Two grim think pieces

 Palestine Update 533

Two grim think pieces
Ukraine has exposed the duplicity of the West which controls international bodies, including those which pertain to culture, arts, and sports. Routinely, one sees this deception applied when it comes to Israeli interests. The alacrity with which all western nations have called for and implemented BDS on Russia is stunning. For 70+ long years, this should have happened to make Israel walk on its knees. But no! They have dragged their feet and installed some divestments which are meaningless and irrelevant. Such is the clout of the Zionists in western capitals.

Here is a shaggy dog fact! “Even the International Cat Federation – who knew there was such a thing? – banned Russian cats from competing”. Absurdity trumps common sense. This is about NATO, it is about political prejudice, when you argue that this is a war that NATO made necessary by its brazenness and Zellensky pursued based on his earlier career as a movie cartoon.

While we still regret the global inaction of the western empires, there is worse when one looks at how centres of political authority within Palestine are blowing up themselves and rendering their potency as absolute. As the author of an article titled, “Whither PLO” says: “The bad news is that the PLO is near dead. The cause of death is yet to be determined either old age or self-inflicted wounds. The coin, fortunately, has another side as the author avers: “The good news is that the Palestinian people’s quest for national self-identity and self-determination remains very much alive and well”.

Please read and disseminate the below two articles widely,

Ranjan Solomon

The West has lost all credibility

Palestinian activist Susan Abulhawa, who wrote this article, is a member of Workers World, is a globally acclaimed novelist. Her latest novel is “Against the Loveless World,” Atria, 2020

Last year, an elementary school in Birmingham, Alabama, forbade their students from discussing the occupation of Palestine, due to the political nature of the topic. They said it was not appropriate to mix education with politics. Last week, that same elementary school held a fundraiser for Ukrainian refugees.

FIFA and UEFA have routinely fined football fans for flying Palestinian flags during matches against Israeli teams. They have likewise punished players who expressed solidarity with Palestinians. In 2009, at the height of Israel’s assault and rampant murder of Palestinians in Gaza, and as Palestinian footballer Mahmoud Sarsak was wasting away on a hunger strike in Israeli prisons, Seville striker Frédéric Kanouté was slapped with a fine for exposing a T-shirt reading “Palestina” under his jersey.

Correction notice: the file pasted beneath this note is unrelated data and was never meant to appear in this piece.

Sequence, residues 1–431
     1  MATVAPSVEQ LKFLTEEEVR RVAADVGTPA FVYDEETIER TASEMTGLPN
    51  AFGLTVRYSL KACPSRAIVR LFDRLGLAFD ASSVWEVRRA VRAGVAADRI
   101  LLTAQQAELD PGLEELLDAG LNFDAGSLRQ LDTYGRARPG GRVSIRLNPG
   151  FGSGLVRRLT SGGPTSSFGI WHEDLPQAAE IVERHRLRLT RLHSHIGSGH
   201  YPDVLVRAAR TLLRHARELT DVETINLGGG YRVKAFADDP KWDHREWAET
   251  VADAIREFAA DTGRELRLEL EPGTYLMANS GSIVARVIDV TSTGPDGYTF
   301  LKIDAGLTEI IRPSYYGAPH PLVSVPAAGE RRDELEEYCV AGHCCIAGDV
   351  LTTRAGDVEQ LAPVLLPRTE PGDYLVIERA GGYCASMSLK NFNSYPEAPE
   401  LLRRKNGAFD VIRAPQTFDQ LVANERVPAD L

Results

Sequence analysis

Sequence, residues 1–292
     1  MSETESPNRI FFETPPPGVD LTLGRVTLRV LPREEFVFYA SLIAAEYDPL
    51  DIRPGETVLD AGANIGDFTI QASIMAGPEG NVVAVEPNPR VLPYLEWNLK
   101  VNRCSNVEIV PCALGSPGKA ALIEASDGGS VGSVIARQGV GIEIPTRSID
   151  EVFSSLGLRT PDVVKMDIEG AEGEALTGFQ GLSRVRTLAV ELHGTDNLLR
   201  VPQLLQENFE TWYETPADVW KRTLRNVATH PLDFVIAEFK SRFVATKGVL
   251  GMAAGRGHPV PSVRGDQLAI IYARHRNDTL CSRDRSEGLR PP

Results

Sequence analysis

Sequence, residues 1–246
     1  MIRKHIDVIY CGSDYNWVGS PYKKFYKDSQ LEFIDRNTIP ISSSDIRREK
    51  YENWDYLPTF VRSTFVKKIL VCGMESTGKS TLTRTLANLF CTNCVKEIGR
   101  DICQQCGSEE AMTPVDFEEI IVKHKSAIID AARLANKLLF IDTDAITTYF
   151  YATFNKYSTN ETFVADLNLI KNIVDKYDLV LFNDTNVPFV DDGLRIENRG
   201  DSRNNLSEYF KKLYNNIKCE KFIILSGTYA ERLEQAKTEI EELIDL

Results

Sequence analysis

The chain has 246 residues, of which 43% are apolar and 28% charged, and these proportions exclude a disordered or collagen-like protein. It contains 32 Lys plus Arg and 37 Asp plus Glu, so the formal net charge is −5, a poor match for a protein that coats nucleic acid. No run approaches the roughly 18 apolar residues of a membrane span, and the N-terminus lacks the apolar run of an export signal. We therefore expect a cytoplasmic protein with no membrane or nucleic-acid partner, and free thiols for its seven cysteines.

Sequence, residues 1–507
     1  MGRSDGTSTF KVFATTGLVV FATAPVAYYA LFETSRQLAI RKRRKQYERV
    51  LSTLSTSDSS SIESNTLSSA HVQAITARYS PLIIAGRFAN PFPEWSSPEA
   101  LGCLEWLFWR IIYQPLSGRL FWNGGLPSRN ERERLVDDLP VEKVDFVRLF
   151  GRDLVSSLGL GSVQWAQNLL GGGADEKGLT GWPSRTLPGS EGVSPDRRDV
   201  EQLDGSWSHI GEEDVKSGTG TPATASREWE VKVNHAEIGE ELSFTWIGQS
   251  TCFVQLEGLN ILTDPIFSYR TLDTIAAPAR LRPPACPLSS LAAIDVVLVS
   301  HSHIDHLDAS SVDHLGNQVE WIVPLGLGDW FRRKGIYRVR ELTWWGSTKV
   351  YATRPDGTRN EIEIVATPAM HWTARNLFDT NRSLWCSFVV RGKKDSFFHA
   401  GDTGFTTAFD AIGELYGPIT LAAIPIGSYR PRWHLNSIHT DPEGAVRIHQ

Colin Kaepernick was booted from the NFL for kneeling in protest for unrelenting police brutality against Black America. Repeatedly we were told it was not appropriate to mix sports with politics. But within days of Russia’s invasion of Ukraine, FIFA and UEFA announced they were banning Russia’s national and club soccer teams from all international football competitions, including the upcoming 2022 World Cup in Qatar.

Many musicians and other cultural workers who rebuffed the Palestinian call to boycott Israel told us that culture should not mix with politics. Some of those same celebrities, like Nick Cave, are now cancelling their performances in Russia. Venues around the United States and Europe are cancelling Russian ballets, orchestras and other performances. Even the International Cat Federation – who knew there was such a thing? – banned Russian cats from competing.

Palestinians, who have faced constant bombs, apartheid, murder, theft, harassment and unspeakable terrorism from the Israeli military and their paramilitary settlers, have been calling on the world for over a decade to boycott Israeli goods as a minimal act of solidarity with a besieged and occupied civilian population with no way to defend itself.

But we were told that boycotts are “unhelpful,” and we should instead “negotiate” with our colonizers for our freedom. In fact, nearly every state has since passed so-called “anti-BDS laws” meant to literally criminalize boycotts of Israel. But within days of Russia taking military action in Ukraine against increasing NATO threats on its border, stores around the world are removing Russian products from the shelves.

When the U.S. was carpet-bombing Iraq, one of the oldest civilizations in the world, the media called it “Shock and Awe.” They showed us explosions, as if fireworks. That same media has referred to the attack in Ukraine as a “Nazi-style blitzkrieg,” even though what Russia did does not compare in severity, death toll or duration to what the U.S. or Israel did in any of their imperial wars throughout the Middle East.

We always knew — even if we hoped otherwise — that the West was irredeemably racist and terminally corrupt. But whatever doubts we may have had before have been put to rest. The West hates us. They have nothing but contempt or occasional pity for our lives. They have never been our friends, nor can they ever be. I don’t know what it will take for the Global South to finally understand this.

Whither the PLO?
The writer is president of the Washington-based Arab American Institute

When it comes to the Palestine Liberation Organisation (PLO), there is good news and bad news. The bad news is that the PLO is near dead. The cause of death is yet to be determined, either old age or self-inflicted wounds. The good news is that the Palestinian people’s quest for national self-identity and self-determination remains very much alive and well.